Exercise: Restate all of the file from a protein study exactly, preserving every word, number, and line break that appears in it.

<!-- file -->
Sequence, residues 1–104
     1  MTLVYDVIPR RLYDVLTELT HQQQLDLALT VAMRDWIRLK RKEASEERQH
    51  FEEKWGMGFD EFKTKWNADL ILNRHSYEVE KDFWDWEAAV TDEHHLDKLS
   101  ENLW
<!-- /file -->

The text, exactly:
Sequence, residues 1–104
     1  MTLVYDVIPR RLYDVLTELT HQQQLDLALT VAMRDWIRLK RKEASEERQH
    51  FEEKWGMGFD EFKTKWNADL ILNRHSYEVE KDFWDWEAAV TDEHHLDKLS
   101  ENLW